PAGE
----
A recent decision by Senior District Judge Robert Payne on a Daubert motion in class action litigation against a pension fund offers some helpful lessons on challenging expert witnesses in the EDVA. Trauernicht v. Genworth Fin., Inc., Civil Action No. 3:22-cv-532, 2024 U.S. Dist. LEXIS 95739 (E.D.Va. May 29, 2024).


In Trauernicht, the class representatives alleged that the defendant had breached its fiduciary duties by retaining certain target date funds in its pension plan portfolio despite those funds’ significant underperformance.

Plaintiffs retained Richard Marin as an expert witness to evaluate the performance of the funds under the pension plan’s investment policy statement, to opine on appropriate monitoring of investments under the plan’s governing documents and industry standards and to determine a replacement for the target date funds at issue.

Defendants moved to exclude Marin’s testimony under Daubert and Fed. R. Evid. 702, claiming that his analysis was not reliable, and he did not apply his methodology in a reliable manner.

Takeaway One: The Bar for Expert Challenges Is Higher in a Bench Trial

An overarching factor in the court’s analysis was that Trauernicht did not involve a jury trial. In a bench trial, the court noted, the court’s gatekeeping function under Rule 702 is less critical, and a court may admit expert testimony subject to excluding it later. In practice, it is much less common for courts to grant Daubert motions in bench trials because it creates an issue for appeal and potential reversal. In a bench trial, it is far simpler for a trial court to simply admit expert testimony and then evaluate its persuasiveness as the finder of fact. That approach allows the parties to make their case while allowing the court to assess the admissibility and reliability of the expert’s testimony on a full record.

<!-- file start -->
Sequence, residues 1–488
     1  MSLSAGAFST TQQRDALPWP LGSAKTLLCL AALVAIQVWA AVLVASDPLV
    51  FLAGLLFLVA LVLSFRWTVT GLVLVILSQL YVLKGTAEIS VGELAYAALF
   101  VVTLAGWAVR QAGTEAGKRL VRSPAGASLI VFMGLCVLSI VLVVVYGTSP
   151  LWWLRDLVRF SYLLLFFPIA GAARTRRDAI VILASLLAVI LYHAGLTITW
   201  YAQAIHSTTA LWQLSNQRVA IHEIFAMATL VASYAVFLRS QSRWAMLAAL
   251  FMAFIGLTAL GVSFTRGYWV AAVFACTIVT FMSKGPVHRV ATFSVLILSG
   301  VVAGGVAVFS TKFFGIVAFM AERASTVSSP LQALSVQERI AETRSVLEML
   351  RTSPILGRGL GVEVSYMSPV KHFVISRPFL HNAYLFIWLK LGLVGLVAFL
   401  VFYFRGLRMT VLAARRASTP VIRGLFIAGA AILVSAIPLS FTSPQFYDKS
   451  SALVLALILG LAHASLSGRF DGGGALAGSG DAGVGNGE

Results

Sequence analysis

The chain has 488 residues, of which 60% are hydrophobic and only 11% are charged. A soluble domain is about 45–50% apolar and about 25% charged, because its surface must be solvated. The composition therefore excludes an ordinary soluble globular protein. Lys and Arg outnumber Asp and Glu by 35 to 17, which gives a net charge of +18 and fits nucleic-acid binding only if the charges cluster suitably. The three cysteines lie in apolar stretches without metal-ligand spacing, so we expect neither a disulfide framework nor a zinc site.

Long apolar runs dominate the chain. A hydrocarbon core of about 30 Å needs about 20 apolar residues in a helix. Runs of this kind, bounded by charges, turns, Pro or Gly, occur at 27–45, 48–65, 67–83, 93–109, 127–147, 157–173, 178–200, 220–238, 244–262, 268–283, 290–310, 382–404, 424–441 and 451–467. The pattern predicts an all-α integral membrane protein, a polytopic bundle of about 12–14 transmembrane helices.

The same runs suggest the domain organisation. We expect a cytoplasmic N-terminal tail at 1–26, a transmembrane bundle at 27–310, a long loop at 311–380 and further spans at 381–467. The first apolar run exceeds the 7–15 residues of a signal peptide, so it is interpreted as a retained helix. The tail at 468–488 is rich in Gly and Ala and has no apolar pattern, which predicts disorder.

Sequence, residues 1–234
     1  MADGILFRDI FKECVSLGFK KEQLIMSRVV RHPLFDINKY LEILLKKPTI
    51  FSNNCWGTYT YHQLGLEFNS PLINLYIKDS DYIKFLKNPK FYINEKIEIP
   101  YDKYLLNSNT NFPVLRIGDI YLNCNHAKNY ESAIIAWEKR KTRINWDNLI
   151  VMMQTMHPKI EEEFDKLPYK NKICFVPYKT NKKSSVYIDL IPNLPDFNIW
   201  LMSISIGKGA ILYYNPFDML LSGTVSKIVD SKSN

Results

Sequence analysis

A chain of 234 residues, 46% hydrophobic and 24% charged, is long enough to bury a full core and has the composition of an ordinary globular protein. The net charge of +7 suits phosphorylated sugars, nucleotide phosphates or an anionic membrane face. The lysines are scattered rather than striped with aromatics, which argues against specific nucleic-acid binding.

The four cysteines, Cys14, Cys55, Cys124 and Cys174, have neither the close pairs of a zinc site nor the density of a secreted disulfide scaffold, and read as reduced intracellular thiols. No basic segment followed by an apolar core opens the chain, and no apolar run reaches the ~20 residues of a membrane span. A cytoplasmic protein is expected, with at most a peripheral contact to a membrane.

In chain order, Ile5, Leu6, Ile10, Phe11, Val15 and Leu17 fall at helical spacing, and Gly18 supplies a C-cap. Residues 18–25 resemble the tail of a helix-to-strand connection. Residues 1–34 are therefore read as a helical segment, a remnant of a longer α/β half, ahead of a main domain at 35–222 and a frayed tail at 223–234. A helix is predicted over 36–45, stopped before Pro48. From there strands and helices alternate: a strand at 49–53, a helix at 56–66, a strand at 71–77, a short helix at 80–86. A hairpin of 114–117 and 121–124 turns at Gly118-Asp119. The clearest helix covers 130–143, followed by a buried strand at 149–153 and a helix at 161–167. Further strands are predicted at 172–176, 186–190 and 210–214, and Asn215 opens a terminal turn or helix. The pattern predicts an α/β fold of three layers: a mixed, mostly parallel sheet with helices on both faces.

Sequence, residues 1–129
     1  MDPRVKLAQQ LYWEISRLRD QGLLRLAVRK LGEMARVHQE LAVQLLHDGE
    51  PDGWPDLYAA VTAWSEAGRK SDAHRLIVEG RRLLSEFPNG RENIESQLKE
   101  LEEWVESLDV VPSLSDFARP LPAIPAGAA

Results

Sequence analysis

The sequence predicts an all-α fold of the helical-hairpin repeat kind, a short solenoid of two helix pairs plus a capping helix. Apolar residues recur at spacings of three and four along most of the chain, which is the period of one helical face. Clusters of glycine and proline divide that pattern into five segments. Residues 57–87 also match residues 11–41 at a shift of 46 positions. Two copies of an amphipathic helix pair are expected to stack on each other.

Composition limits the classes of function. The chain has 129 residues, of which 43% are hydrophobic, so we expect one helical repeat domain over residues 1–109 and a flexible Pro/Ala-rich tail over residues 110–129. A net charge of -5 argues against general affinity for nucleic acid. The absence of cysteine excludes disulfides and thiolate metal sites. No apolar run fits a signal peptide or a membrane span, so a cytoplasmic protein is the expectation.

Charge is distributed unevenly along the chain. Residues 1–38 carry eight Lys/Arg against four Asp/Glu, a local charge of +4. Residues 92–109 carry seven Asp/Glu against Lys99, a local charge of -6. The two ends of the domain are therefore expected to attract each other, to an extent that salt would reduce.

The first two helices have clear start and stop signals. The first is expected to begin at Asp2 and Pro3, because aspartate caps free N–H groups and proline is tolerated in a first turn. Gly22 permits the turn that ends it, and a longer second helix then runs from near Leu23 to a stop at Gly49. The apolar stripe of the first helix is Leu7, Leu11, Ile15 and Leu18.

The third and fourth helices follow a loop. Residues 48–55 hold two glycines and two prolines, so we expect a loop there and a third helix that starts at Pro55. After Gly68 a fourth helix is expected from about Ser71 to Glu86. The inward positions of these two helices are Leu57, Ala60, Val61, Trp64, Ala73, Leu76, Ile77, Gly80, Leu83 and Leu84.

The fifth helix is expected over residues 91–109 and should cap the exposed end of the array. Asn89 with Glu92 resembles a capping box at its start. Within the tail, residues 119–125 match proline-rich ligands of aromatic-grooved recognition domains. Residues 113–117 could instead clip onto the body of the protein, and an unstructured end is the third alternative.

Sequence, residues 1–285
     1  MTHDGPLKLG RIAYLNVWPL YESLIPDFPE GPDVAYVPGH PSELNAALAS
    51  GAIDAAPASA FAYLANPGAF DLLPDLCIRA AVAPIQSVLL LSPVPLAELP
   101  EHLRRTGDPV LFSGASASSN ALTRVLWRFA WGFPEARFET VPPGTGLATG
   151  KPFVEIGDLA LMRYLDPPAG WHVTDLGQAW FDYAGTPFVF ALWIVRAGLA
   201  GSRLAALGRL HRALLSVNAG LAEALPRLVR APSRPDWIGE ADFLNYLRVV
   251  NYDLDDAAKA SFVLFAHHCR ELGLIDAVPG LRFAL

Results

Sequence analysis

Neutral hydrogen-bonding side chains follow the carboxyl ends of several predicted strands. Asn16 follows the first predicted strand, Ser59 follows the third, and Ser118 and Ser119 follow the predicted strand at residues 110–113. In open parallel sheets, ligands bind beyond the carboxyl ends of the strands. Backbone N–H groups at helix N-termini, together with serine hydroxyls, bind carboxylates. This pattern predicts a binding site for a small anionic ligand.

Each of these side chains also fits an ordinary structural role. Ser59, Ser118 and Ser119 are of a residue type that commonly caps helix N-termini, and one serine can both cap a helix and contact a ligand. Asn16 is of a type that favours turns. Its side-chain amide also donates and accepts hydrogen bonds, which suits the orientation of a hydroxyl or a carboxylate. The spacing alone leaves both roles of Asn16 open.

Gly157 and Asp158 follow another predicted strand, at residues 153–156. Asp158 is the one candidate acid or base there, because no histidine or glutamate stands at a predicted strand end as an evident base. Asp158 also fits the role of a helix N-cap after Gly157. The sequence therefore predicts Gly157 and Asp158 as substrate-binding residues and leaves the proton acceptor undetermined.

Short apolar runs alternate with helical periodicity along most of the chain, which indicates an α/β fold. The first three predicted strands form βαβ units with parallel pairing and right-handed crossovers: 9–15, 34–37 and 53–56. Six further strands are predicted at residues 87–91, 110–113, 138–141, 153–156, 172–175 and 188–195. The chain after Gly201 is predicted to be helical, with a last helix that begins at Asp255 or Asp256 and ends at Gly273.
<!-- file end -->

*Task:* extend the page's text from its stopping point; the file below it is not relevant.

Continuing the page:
Takeaway Two: It Is Difficult to Exclude an Expert Based on Lack of Qualifications

The defendant in Trauernicht argued that Marin’s experience was insufficient because he had not worked in asset management since 2003. As Judge Payne pointed out, though, Marin had other relevant experience, including teaching courses on pension fund management at Cornell from 2007-2017 and writing a book on pension issues relevant to the case. As a result, Judge Payne had no trouble finding that he was qualified to testify as an expert, and the defendant’s arguments went only to the weight of his testimony, not its admissibility.

Challenges to an expert’s qualifications are rarely successful, and that is particularly the case in high-stakes commercial litigation where parties seek the best experts available. That an expert’s direct experience from employment in a particular industry was years ago is seldom, if ever, sufficient for exclusion, especially if the expert has continued to work in the field, by, for example, teaching or even testifying as an expert.

Takeaway Three: Reliability Does Not Depend on Peer Review or Publication

The defendant argued that Marin’s methodology was not reliable because it was not subject to peer review or publication, and he could not cite to any authority or person who endorsed his methodology.